Jones was a quiet and unassuming architect who preferred the quiet isolation of the Arkansas mountains to the urban landscape. Jones ignored architectural trends and instead focused on his own organic
aestheticwith materials found in the Ozarks and familiar traditional forms from his home region. Jones work focused primarily on the intimate rather than the grandiose. Jones most renowned works are chapels and private homes rather than skyscrapers.
Jones used Frank Lloyd Wright's principles and created buildings that had a distinct Wrightean feel to them. Jones' most famous buildings are the
Thorncrown Chapelin Eureka Springs, Arkansas, the Mildred B. Cooper Memorial Chapelin Bella Vista, Arkansas, and the Pinecote Pavilionat the Crosby Arboretumin Picayune, Mississippi. These buildings are simple and transcendental creations of wood. Thorncrown Chapel was selected as the fourth most favored building in a poll of the membership of the American Institute of Architects. Thorncrown was also selected as the best American building built since 1980.
In January 2006, Jones'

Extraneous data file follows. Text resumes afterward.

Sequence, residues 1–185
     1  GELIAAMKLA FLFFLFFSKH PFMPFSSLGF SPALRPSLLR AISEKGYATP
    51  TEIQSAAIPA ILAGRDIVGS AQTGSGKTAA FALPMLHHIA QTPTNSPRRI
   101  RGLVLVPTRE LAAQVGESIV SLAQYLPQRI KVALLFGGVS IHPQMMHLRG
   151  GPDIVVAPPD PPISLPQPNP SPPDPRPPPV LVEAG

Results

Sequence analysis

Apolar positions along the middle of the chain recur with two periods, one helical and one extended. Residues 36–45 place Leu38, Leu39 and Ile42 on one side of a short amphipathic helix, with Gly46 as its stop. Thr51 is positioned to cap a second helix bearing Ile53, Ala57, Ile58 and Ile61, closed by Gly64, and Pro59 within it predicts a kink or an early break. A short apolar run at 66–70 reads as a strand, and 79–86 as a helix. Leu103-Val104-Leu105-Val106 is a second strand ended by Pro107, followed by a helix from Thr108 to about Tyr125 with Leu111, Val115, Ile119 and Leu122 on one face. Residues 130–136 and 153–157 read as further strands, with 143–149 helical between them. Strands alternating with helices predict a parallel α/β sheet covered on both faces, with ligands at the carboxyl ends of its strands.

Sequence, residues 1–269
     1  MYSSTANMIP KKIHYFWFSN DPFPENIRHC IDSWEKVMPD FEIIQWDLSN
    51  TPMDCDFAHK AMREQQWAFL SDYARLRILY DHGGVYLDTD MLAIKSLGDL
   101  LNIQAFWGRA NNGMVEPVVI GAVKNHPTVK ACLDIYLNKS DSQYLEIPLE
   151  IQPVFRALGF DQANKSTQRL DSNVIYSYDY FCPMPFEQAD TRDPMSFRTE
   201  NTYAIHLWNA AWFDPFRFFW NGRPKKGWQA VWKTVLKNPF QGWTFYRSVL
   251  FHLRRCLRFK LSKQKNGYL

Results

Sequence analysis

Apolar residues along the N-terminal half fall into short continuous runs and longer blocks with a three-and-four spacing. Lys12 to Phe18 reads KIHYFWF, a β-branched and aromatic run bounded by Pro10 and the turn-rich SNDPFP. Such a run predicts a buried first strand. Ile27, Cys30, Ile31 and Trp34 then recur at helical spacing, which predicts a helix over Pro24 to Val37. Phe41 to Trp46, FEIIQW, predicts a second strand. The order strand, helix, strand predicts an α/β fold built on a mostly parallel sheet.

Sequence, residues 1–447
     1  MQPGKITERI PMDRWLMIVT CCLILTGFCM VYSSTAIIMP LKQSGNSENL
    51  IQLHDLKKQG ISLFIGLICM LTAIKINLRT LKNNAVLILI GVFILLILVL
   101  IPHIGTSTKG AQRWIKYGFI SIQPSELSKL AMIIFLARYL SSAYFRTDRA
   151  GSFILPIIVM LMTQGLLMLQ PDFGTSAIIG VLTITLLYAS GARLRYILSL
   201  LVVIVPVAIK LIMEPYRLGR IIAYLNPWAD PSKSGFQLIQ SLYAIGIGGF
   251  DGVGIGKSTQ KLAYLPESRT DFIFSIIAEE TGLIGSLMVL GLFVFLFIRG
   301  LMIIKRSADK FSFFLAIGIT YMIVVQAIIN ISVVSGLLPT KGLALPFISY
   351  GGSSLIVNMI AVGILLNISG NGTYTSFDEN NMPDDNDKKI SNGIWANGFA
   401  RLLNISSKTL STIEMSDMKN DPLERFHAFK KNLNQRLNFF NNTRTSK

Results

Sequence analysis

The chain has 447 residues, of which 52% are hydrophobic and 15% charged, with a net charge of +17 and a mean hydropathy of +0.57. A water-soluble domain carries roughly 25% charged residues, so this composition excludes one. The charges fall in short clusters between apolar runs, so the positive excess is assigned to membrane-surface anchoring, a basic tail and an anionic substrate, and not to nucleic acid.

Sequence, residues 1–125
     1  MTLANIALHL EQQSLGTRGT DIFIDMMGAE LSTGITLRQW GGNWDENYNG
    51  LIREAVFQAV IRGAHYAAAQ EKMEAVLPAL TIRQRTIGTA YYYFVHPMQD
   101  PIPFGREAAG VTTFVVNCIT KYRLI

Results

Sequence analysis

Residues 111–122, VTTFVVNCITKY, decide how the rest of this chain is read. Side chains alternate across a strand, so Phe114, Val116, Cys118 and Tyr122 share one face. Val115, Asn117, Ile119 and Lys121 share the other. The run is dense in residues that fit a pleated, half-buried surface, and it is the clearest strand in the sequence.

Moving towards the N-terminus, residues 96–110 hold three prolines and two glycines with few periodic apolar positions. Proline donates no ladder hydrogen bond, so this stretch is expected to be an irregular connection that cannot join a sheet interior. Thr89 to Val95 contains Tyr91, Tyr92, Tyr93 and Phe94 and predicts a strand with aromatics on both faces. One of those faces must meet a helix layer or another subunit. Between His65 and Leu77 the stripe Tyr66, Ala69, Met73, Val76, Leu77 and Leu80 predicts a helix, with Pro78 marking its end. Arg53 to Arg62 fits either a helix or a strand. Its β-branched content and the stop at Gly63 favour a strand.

Butterfly Housein Fayetteville, Arkansas was being pursued for conversion into a synagogue, serving as a new home for the congregation of Temple Shalom of Northwest Arkansas. Neighbors who were concerned about increased traffic using the house for religious services would create demanded a hearing by the City Council. This prompted the Becket Fund for Religious Liberty to warn Fayetteville in a legal opinion letter that if it denied the congregation its' conditional use permit to use the house as a place of worship, it would be violating the Religious Land Use and Institutionalized Persons Act(RLUIPA). The letter argued that the Butterfly House was well-suited for use as a synagogue and that traffic concerns fell far short of the overwhelming threshold required to burden religious expression.(1) The issue was put to rest later that spring, when the members of Temple Shalom decided that Butterfly House was not adequate for its purposes and voted by a generous margin to no longer pursue the purchase of the house and to seek a new location that better served the needs of the Jewish community.